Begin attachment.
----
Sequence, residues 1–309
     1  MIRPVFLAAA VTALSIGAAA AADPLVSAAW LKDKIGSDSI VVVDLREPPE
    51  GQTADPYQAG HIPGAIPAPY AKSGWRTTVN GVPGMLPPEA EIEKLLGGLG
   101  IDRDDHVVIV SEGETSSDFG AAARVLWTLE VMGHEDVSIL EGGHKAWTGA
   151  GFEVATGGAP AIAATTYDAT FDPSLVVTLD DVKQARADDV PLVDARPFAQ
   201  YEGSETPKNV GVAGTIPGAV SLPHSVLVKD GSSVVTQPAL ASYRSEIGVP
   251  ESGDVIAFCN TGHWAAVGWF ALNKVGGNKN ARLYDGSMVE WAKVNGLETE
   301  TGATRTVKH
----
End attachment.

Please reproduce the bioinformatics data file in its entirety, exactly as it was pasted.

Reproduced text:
Sequence, residues 1–309
     1  MIRPVFLAAA VTALSIGAAA AADPLVSAAW LKDKIGSDSI VVVDLREPPE
    51  GQTADPYQAG HIPGAIPAPY AKSGWRTTVN GVPGMLPPEA EIEKLLGGLG
   101  IDRDDHVVIV SEGETSSDFG AAARVLWTLE VMGHEDVSIL EGGHKAWTGA
   151  GFEVATGGAP AIAATTYDAT FDPSLVVTLD DVKQARADDV PLVDARPFAQ
   201  YEGSETPKNV GVAGTIPGAV SLPHSVLVKD GSSVVTQPAL ASYRSEIGVP
   251  ESGDVIAFCN TGHWAAVGWF ALNKVGGNKN ARLYDGSMVE WAKVNGLETE
   301  TGATRTVKH